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Written & Directed by Patrick Hughes
Produced by
Hughes & Al Clark
Released by Magnet Releasing
Australia. 96 min. Rated R
Ryan Kwanten, Steve Bisley, Tom E. Lewis, Claire van der Boom, Christopher Davis & Kevin Harrington

A young policeman exiled from the city to a rural town loaded with secrets and dominated by a gruff old sheriff is a familiar story. In Red Hill, writer/director Patrick Hughes spins new suspense with a stunning setting, compelling characters, and post-colonial guilt. Its awhile until you know that this is a contemporary tale of elemental emotionsuntil you see a car amidst the brumbies (wild horses) in the misty mountains of southern Australia.

Newcomers Shane Cooper (Ryan Kwanten) and his very pregnant wife Alice (Claire van der Boom) are still unpacking boxes after their move from the city. He cant even find his gun to take to his first day of work as a constable, not that hes so comfortable around gunsa shooting incident haunts him from his past police work. Hes so modern he leaves the car for his wife and walks a ways to work. After the news breaks of the explosive prison escape of notorious aborigine tracker and killer Jimmy Conway (Tom E. Lewis), Shane has to resort to riding the police departments horse to find his new boss. At a town meeting, tough Old Bill (Steve Bisley) is giving a rousing speech to the citizens of the town of Red Hill about resisting the federal takeover of the grazing lands for a national reserve. He barely has time to grill Shane before he has to organize the menfolk into an armed posse to protect the town. While this contemporary Western shares some of the post-modern Western sensibility of Clint Eastwoods Unforgiven (1992), Old Bill at first isnt as snarly a villain as Gene Hackmans Little Bill. (Theres also a storm on the way and rumors of a panther on the loose.)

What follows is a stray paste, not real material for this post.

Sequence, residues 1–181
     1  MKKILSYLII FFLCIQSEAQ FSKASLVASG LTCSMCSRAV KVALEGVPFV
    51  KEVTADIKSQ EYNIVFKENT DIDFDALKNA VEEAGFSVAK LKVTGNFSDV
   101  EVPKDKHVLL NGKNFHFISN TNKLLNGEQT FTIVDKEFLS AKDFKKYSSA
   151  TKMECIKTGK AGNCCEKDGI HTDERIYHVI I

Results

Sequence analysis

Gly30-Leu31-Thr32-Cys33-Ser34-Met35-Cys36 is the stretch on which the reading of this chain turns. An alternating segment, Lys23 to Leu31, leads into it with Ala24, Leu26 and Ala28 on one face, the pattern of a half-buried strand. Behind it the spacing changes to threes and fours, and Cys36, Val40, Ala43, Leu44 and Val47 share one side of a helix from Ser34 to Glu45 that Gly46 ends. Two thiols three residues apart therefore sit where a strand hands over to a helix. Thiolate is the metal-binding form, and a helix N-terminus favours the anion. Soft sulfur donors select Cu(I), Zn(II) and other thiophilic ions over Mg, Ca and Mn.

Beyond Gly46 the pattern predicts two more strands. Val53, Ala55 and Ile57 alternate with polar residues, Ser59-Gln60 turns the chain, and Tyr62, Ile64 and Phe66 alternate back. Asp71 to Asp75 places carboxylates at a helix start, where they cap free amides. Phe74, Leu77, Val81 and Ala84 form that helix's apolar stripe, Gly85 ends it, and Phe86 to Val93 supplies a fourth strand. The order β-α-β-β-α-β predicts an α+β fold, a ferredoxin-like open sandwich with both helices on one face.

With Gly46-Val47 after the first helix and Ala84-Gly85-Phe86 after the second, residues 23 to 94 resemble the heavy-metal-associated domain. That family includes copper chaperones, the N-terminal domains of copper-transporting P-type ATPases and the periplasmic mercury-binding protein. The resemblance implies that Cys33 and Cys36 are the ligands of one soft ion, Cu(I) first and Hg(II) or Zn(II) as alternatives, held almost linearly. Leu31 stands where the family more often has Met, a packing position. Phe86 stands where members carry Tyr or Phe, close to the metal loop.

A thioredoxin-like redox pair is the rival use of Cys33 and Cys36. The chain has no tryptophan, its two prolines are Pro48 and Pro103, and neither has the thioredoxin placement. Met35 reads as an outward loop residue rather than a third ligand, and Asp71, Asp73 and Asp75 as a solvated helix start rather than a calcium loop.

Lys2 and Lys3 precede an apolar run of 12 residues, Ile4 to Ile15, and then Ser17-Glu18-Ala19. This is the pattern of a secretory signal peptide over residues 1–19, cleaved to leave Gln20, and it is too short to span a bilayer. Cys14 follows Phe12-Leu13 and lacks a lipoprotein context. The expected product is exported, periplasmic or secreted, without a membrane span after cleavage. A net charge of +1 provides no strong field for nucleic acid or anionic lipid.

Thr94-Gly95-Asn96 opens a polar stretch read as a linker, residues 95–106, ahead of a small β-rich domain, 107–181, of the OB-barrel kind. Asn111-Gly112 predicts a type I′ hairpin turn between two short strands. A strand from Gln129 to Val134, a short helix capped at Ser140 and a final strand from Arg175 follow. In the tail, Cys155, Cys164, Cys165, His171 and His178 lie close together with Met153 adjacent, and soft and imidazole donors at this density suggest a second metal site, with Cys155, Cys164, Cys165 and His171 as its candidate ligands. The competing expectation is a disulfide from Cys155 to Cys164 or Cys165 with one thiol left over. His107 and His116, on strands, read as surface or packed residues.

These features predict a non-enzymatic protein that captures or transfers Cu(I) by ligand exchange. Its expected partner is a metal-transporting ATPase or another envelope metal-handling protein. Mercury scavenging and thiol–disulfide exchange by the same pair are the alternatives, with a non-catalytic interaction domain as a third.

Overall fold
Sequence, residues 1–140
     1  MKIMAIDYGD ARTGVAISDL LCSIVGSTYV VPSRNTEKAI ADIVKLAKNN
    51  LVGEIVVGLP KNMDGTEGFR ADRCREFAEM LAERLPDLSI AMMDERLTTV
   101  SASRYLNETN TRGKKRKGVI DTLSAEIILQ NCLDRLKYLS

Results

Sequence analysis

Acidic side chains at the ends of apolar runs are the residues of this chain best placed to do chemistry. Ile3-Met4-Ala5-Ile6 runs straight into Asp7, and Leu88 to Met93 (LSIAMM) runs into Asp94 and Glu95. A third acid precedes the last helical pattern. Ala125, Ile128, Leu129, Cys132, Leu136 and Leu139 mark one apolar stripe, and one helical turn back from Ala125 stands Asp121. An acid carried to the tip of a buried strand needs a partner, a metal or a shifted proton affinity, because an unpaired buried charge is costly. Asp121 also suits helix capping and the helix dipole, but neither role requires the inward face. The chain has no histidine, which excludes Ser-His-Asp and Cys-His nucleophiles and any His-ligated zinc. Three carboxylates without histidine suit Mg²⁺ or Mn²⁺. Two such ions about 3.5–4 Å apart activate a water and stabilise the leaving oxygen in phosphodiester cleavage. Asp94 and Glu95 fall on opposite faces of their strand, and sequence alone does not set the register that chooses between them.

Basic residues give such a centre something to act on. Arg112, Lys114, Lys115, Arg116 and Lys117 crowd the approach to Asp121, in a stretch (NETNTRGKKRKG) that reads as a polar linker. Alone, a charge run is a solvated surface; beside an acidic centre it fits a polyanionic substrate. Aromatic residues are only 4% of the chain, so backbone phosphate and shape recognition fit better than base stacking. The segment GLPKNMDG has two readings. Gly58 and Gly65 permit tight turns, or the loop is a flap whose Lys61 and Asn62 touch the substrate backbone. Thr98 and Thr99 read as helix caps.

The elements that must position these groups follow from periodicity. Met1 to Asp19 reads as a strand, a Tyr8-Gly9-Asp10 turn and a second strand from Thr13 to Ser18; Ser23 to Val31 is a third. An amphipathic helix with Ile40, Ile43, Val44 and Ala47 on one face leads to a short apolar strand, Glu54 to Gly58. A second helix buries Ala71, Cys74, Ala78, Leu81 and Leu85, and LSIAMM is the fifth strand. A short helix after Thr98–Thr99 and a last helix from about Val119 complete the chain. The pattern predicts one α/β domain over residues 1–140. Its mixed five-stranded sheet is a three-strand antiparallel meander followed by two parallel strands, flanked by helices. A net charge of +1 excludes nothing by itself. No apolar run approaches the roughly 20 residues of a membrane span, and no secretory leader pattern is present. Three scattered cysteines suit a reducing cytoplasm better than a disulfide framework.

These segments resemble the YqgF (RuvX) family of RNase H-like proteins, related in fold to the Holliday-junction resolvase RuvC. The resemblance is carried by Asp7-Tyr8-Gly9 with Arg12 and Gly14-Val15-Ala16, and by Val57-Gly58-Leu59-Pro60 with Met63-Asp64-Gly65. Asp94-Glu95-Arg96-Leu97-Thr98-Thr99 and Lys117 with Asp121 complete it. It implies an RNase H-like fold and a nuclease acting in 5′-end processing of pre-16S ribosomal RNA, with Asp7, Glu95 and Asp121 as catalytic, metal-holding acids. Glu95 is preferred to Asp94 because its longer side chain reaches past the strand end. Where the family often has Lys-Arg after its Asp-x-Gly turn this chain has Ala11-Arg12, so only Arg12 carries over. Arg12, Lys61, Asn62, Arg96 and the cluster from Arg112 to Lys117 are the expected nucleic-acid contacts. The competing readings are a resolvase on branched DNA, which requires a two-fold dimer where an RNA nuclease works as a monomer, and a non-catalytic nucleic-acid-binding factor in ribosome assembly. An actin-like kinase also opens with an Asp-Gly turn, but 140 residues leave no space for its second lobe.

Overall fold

Conway is out for revenge, targeting townsmen to die slowly and painfully. He is one scary hombre, with a scarred face, keen tracking skills, an implacable stance, and deadly aim, whether with shotguns or boomerangs. As night falls, hes frequently seen against the full moon and silhouetted against a threatening sky. Even with bodies strewn around the town, hes more than the bloody vengeance machine of Robert Rodriguezs Machete, though Hughes cites the gorier Rodriguez as an influence.

Shanes close calls with Conway first play on Kwantens more familiar image as the bumbling hunk in HBOs True BloodShane studies a baby name book while on the stake-out and then accidentally saves his neck by stumbling. But Hughes also cleverly teases the audience to leap to clich conclusions that are averted in surprising ways and add depth to the characters, particularly when Conways past is eventually seen in disturbing confessional flashbacks. The cinematography by Tim Hudson and the score by Dmitri Golovko beautifully help build the tense mood. Hudson makes full use of the dramatic landscape, red dust, lightning, and the horizon, while Golovko gives each character his own melodic and percussive leitmotif. This once upon a time in South Australia is an accomplished debut thriller. Nora Lee Mandel
November 5, 2010



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